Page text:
The cars submitted for road test by the popular motoring journals of the time (1961)such as The Motor, The Autocar and Autosport magazines were specially prepared by the Jaguar works to give better-than-standard performance figures. This work entailed engine balancing and subtle work such as gas-flowing the cylinder heads and may even have involved fitting larger diameter inlet valves.
Both of the well-known 1961 road test cars: the E-type Coupe Reg. No. 9600 HP and E-type Convertible Reg.No. 77 RW, were fitted with Dunlop Racing Tyres on test, which had a larger rolling diameter and lower drag co-efficient. This goes some way to explaining the 150 mph (240 km/h) maximum speeds that were obtained under ideal test conditions. The maximum safe rev limit for standard 6-cylinder 3.8-litre E-type engines is 5,500 rpm. The later 4.2-Litre units had a red marking on the rev counter from just 5,000 rpm. The maximum safe engine speed is therefore 127mph (3.31:1 axle) and 137mph (3.07:1 axle) at the 5,500 rpm limit. Both test cars must have reached or exceeded 6,000 rpm in top gear when on road test in 1961.
After the company's success at the Le Mans 24 hr through the 1950s, Jaguar's defunct racing department was given the brief to use D-Type style construction to build a road-going sports car, replacing the XK150.
The first prototype (E1A) featured a monocoque design, Jaguar's fully independent rear suspension and the well proved "XK" engine. The car was used solely for factory testing and was never formally released to the public. The car was eventually scrapped by the factory.
Jaguar's second E-Type concept was E2A which, unlike the E1A, was constructed from a steel chassis with an aluminium body. This car was completed as a racing car as it was thought by Jaguar at the time it would provide a better testing ground. E2A used a 3-litre version of the XK engine with a Lucas fuel injection system.
After retiring from the Le Mans 24 hr the car was shipped to America to be used for racing by Jaguar privateer Briggs Cunningham. In 1961, the car returned to Jaguar in England to be used as a test vehicle. Ownership of E2A passed to Roger Woodley (Jaguar's customer competition car manager) who took possession on the basis the car not be used for racing. E2A had been scheduled to be scrapped. Roger's wife Penny Griffiths owned E2A until 2008 when it was offered for sale at Bonham's Quail Auction. It eventually soldfor US$4,957,000.
Two limited production E-Type variants were made as test beds, the Low Drag Coupe and Lightweight E-Type, both of which were raced:
Low Drag Coupé (1962)
Shortly after the introduction of the E-Type, Jaguar management wanted to investigate the possibility of building a car more in the spirit of the D-Type racer from which elements of the E-Type's styling and design were derived. One car was built to test the concept designed as a coupé as its monocoque design could only be made rigid enough for racing by using the "stressed skin" principle. Previous Jaguar racers were built as open-top cars, because they were based on ladder frame designs with independent chassis and bodies. Unlike the steel production E-Types, the LDC used lightweight aluminium. Malcolm Sayer retained the original tub with lighter outer panels riveted and glued to it. The front steel sub frame remained intact, the windshield was given a more pronounced slope, and the rear hatch was welded shut. Rear brake cooling ducts appeared next to the rear windows, and the interior trim was discarded, with only insulation around the transmission tunnel. With the exception of the windscreen, all cockpit glass was perspex. A tuned version of Jaguar's 3.8-litre engine with a wide-angle cylinder head design tested on the D-Type racers was used. Air management became a problem and, though a higher performing vehicle than its production counterpart, the car was never competitive.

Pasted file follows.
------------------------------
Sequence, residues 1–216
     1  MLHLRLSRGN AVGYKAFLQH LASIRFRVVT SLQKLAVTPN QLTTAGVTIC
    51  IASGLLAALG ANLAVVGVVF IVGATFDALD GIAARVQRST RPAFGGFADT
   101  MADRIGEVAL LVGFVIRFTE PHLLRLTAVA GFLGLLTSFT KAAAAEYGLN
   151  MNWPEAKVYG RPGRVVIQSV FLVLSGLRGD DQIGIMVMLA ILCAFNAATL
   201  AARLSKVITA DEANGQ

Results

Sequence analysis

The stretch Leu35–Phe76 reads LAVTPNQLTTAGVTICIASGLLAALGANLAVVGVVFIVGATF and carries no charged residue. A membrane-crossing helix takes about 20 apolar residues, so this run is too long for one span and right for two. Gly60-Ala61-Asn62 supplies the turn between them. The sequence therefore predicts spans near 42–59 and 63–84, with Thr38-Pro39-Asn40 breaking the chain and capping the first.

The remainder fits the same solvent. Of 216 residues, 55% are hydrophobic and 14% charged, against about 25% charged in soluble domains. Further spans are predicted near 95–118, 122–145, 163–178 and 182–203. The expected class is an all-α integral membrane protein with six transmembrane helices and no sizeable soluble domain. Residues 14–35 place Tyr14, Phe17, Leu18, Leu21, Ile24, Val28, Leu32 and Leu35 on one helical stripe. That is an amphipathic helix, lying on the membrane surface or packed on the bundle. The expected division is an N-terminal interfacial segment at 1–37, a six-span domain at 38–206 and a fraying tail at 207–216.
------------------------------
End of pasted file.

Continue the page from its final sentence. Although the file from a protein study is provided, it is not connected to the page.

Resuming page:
The only test bed car was completed in summer of 1962 but was sold a year later to Jaguar racing driver Dick Protheroe. Since then it has passed through the hands of several collectors on both sides of the Atlantic and is now believed to reside in the private collection of the current Viscount Cowdray.
Lightweight E-Type (1963–1964)
Twelve cars plus two spare bodies were made by Jaguar.
In some ways, this was an evolution of the Low Drag Coupé. It made extensive use of aluminium alloy in the body panels and other components. However, with at least one exception, it remained an open-top car in the spirit of the D-Type to which this car is a more direct successor than the production E-Type which is more of a GT than a sports car. The cars used an aluminium block tuned version of the production 3.8-litre Jaguar engine with 300 bhp (224 kW) output rather than the 265 bhp (198 kW) produced by the "ordinary" version. All factory-built lightweights are fitted with Lucas Fuel Injection and a ZF 5 speed gearbox.
The cars were entered in various races but, unlike the C-Type and D-Type racing cars, they did not win at Le Mans or Sebring but were reasonably successful in private hands and in smaller races.
1961 Jaguar E-Type in Austin Powers: International Man of Mystery, Film 1997
1961 Jaguar E Type in The Italian Job Movie from 1969
1961 Jaguar E-Type in The Avengers, TV Series, from the 1960s